Tuesday, March 13, 2007

Muddled GOP Primary Getting More Muddled

The Republican primary field grew this past week with Congressman Ron Paul announcing his intentions to run for president. In light of a recent NY Times poll showing 6 in 10 Republicans unsatisfied with the current crop of candidates, it seems almost certain that more GOP presidential hopefuls will decide to throw dice as well in the coming months. Expressions of interest coupled with non-announcements on the parts of Former Senator Fred Thompson, Senator Chuck Hagel, and Former House Speaker Newt Gingrich have gotten a lot of press and they make the present field murkier than ever.

Another emerging wildcard in the race is the growing number of states that are moving their primaries up to earlier February. “This primary season is turning into the most challenging Rubik’s Cube that we’ve faced in our lifetime,” said Benjamin L. Ginsberg, Romney's legal counsel. The New York Times highlighted the difficulties this poses for the candidates, especially lesser known candidates like Romney, in a recent article:
The trickle of states moving their 2008 presidential primaries to Feb. 5 has turned into an avalanche, forcing all the presidential campaigns to reconsider every aspect of their nominating strategy — where to compete, how to spend money, when to start television advertising — as they gird for the prospect of a 20-state national primary day.... There is near-universal agreement among officials of both parties that the new calendar will give a huge advantage to well-known candidates, in particular Mrs. Clinton, Mr. Giuliani, Mr. McCain and Mr. Obama. Beyond that, California and New Jersey are likely to be more receptive to Mr. Giuliani than are Iowa and South Carolina, with their many conservative voters.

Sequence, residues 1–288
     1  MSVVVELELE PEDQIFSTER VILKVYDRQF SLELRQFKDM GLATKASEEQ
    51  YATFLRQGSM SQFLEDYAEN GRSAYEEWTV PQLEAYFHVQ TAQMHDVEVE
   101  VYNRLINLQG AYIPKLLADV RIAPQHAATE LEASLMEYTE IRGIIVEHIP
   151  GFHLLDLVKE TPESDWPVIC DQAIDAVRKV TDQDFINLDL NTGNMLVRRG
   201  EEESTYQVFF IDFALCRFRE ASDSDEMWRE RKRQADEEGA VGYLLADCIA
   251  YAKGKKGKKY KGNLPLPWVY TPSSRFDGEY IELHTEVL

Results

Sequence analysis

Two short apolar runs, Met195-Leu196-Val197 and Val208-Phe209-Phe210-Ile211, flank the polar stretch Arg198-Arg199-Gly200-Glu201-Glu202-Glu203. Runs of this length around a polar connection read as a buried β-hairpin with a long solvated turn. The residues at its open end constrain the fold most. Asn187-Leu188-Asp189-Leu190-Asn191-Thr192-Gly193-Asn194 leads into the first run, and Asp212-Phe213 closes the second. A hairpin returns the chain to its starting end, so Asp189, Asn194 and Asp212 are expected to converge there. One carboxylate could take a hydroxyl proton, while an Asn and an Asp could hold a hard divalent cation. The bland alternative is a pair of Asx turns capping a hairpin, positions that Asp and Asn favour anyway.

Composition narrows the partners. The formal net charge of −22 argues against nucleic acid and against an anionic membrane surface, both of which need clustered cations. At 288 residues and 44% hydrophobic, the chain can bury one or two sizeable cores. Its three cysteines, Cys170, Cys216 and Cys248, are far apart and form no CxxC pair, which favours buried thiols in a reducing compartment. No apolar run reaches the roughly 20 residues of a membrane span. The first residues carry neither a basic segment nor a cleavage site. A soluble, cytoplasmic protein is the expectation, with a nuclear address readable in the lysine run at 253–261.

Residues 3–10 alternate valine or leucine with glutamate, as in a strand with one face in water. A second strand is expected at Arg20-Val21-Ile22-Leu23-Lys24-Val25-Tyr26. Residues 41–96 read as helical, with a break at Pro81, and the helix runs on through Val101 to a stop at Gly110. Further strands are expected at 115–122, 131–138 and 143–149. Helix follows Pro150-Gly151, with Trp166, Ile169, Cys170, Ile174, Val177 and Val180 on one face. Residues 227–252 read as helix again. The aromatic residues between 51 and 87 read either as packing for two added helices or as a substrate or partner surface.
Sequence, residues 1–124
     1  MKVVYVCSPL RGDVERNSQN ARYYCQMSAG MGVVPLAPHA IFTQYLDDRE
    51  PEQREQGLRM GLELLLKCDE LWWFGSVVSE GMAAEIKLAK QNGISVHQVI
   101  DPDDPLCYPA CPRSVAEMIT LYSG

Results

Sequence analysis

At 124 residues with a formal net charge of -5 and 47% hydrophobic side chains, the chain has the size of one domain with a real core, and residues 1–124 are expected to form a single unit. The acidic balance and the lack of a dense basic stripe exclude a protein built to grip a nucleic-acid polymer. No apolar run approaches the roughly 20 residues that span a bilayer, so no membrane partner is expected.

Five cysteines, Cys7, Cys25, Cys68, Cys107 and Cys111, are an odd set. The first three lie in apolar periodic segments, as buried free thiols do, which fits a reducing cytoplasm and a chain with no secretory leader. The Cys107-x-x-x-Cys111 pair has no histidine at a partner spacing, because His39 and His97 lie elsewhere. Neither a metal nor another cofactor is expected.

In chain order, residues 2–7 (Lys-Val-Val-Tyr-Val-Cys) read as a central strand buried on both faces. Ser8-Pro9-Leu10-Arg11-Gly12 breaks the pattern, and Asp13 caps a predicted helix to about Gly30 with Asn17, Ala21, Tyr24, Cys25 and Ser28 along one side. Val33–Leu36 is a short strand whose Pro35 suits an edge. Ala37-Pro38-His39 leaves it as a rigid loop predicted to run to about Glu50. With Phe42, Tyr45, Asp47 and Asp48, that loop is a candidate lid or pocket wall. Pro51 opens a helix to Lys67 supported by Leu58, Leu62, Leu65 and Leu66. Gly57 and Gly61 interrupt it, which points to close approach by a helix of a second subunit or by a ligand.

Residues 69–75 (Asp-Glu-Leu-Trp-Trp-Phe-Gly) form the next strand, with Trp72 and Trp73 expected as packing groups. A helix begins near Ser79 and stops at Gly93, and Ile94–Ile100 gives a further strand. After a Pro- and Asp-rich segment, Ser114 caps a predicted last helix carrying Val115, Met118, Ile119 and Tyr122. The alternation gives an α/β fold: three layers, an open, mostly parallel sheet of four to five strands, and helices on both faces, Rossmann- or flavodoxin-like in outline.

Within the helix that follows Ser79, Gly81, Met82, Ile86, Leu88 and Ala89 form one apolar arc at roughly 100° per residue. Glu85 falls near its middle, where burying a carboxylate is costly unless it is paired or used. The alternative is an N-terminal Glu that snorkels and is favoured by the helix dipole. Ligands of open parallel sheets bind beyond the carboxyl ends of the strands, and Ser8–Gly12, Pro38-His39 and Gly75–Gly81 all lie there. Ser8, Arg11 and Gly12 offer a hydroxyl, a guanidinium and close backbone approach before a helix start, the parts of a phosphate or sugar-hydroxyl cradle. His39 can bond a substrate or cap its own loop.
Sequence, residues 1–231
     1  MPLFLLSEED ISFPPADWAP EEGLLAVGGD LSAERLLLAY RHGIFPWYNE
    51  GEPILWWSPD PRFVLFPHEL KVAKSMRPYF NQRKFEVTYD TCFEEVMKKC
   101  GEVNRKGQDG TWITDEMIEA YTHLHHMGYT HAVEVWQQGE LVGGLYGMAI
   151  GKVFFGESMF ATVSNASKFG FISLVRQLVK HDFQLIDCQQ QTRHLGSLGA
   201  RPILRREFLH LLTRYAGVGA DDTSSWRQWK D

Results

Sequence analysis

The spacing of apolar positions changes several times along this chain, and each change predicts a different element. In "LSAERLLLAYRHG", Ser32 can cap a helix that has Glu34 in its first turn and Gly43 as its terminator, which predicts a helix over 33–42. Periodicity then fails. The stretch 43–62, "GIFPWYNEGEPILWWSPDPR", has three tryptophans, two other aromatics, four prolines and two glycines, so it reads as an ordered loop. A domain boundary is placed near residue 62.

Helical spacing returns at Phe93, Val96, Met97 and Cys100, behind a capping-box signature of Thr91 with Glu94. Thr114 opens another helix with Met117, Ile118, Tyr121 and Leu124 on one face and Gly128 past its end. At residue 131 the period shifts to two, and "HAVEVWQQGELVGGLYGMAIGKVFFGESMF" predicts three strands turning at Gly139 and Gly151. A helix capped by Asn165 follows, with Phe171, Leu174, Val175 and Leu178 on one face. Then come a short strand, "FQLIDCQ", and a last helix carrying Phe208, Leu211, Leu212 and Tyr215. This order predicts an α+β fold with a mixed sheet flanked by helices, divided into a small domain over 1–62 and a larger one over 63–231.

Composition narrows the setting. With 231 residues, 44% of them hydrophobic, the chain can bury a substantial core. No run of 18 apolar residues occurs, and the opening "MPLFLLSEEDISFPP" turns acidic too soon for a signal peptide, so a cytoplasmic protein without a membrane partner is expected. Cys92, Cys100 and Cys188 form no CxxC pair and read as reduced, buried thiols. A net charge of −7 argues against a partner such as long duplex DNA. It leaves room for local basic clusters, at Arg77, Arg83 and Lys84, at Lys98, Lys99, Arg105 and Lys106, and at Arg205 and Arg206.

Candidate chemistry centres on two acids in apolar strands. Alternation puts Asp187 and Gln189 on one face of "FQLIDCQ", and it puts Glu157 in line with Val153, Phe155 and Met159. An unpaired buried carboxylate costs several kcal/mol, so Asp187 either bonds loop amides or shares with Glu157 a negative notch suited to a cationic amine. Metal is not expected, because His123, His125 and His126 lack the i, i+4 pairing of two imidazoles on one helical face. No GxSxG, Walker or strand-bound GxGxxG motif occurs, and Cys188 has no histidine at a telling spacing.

Acknowledging these challenges, Romney seems to be trying to position himself as the only acceptable alternative to the current frontrunners, Giulaini and McCain. If no other formidable candidates enter the race, I think it is a sound strategy. I think Romney is going to have a tough time if a Newt Gingrich jumps in on the action though.

A few notes of interest on a handful of GOP candidates:

Fred Thompson
Former Tennessee Senator and current Law & Order star Fred Thompson hinted over the weekend that he might be interested in throwing his hat into the presidential race. Initial reactions among most conservatives were incredibly positive... Which begs the question, who would this hurt most? At this point I'd have to say Romney. Thompson's dive into presidential politics might result in a Gingrich-like effect, spurring defections from Romney's current cache of congressional endorsements and potentially split the key constituency he is courting in the Republican primaries. Yesterday, Congressman John J. Duncan said he would withdraw his support for Romney were Thompson to run while Bill Frist openly urged Thompson to run on his VOLPAC blog.

Newt Gingrich